Look around: mobile isn’t the future, it’s the present. The world is becoming increasingly connected through new hardware innovations. We’re witnessing new battery-powered creations in categories that didn’t exist a decade ago – tablets, AI assistants, smartwatches and more. Plus, startups are getting their wearable, handheld, and portable devices from concept to crowdfunding faster than ever.
If you’re developing a new product, chances are you’ve invested a great deal of time in targeting your market, building your architecture and fine-tuning your application and user interface. But have you thought long and hard about how to power your new device?
Choosing the right battery and charging technology can significantly impact your product's user experience, aesthetics, and functionality. You should consider these factors early on in your product roadmap. If you’ve been unsure whether to go with wired or wireless charging, here are a few things you should consider.
Wireless power standards come of age
When USB emerged as the de facto standard for wired charging technology, design choices became easier. At that time wireless charging standards were still in their infancy. Developers who wanted to employ wireless power had to choose from a multitude of standards that varied widely in range and wattage.
Much has changed over the past five years. Today, the Qi standard, first published in 2008, has emerged as a fixed standard for wireless charging. When Samsung implemented Qi in its Galaxy smartphone, the standard rapidly spread across a wide range of wearable and portable devices.
People today can choose from an assortment of wireless Qi devices with a wide variety of relatively inexpensive chargers. The Qi standard is not only easy to implement, but highly flexible. It can scale in cost and power levels ranging from 1-15 watts. Incorporating the standard is easier than ever because many suppliers now have turnkey proof-of-concept reference design kits.
While it looks like the market is moving toward wireless, take the time to understand your choices and consider the pros and cons of choosing a particular charging technology.
Pros of going wireless
Mass adoption: As the technology matures, the efficiency and quality of wireless power transfer is increasing. For example, Qi wireless cell phone chargers are now a standard option in many electric and luxury cars. Soon they will be available in midrange vehicles, too, so your backer will have a perfect place to bring your invention with them on the go.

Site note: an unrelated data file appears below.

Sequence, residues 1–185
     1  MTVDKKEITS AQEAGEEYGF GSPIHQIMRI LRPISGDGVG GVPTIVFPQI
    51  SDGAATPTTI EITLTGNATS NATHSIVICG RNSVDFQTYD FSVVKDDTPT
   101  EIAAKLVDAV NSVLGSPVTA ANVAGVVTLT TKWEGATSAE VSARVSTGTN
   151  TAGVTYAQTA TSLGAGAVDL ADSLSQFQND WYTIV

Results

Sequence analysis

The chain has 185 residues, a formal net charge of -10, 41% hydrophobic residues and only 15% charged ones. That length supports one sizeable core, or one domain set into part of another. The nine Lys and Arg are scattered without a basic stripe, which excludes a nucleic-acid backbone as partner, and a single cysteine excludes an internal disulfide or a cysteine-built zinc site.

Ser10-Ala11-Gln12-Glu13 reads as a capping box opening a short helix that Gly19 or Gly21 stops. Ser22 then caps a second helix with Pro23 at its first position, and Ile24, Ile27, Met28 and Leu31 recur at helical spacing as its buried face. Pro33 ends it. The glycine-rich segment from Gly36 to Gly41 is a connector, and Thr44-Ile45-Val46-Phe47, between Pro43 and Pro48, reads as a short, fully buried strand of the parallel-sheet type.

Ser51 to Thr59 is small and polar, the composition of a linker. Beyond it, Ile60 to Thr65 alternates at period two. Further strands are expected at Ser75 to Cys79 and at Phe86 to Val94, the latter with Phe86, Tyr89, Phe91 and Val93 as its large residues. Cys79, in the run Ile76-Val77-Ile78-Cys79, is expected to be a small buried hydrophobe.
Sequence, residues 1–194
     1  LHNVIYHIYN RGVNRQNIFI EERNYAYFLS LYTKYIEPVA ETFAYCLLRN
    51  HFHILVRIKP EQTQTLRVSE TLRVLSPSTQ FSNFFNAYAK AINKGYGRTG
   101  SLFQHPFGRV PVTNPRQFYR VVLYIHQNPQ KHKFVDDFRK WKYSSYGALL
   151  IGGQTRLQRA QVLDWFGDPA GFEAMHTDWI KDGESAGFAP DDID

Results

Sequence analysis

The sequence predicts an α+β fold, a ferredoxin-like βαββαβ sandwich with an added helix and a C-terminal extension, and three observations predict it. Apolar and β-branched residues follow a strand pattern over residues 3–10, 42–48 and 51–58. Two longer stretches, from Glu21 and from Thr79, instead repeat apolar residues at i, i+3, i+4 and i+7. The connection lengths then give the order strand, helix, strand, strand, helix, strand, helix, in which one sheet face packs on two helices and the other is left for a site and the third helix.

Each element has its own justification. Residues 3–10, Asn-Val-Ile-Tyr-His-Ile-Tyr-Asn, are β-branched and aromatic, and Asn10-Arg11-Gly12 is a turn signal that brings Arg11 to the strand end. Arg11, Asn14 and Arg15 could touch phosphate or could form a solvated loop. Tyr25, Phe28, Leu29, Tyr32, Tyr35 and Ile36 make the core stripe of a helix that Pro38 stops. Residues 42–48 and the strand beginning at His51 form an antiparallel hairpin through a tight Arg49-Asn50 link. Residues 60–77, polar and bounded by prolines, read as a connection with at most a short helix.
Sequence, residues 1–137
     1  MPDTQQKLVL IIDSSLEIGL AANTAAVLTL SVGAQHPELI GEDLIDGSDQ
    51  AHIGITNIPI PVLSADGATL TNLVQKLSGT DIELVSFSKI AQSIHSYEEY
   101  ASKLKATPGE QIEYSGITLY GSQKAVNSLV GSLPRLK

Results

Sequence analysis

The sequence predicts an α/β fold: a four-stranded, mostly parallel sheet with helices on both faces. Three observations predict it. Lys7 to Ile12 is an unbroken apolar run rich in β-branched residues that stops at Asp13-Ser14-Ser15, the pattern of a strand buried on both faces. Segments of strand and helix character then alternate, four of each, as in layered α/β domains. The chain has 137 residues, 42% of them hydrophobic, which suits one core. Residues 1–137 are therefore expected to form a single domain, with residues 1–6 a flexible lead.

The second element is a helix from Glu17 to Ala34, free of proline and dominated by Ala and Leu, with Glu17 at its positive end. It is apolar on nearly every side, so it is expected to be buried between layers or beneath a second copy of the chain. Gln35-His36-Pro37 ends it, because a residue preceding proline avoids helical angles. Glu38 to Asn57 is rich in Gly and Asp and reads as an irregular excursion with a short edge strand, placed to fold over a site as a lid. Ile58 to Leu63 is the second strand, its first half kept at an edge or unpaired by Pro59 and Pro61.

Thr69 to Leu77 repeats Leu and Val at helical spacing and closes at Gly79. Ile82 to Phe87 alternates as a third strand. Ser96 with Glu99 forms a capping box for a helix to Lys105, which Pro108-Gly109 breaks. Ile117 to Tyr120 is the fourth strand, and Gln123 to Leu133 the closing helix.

Falling prices: The cost of wireless charging technology is dropping fast, especially for high-volume manufactured products. For example, as sales of smartphones grow, the per-unit cost of implementing wireless connections has dropped dramatically.
Charging flexibility: Wireless chargers are capable of charging more than one device simultaneously. Also, they don’t require cables between the device and charger, which is convenient.
Pros of going wired
Ease of development: Most engineers have some knowledge of basic wired power solutions. The learning curve is short, and you can get your project up and running quickly because design references are plentiful.
Tried and true: For now, wired charging is cheaper and more reliable than wireless power. You may want to launch an initial version of your product with wired power, to get on the market fast. Then, you can hatch plans for an enhanced version with wireless capability.
High stakes technology: For demanding or time-sensitive applications, sometimes wired provides more consistent, dependable performance. You wouldn’t want a wireless microphone to produce bad quality sound just because the wireless charging pad was on the fritz.
Cons of going wireless
Higher cost: Wireless power transfer is more affordable than in the past. However, it will continue to be more expensive to implement than wired power connections. An important consideration is whether your customers will pay more for wireless technology.
Lower efficiency: Wireless technology is not as power efficient as an equivalent wired connection. They often take twice as long to charge as wired ones. This could affect customer adoption.
Wear and tear: Wireless technology can be harder on internal systems. For example, current wireless charging technologies can subject batteries to additional heat and stress. This can lower device performance and life expectancy.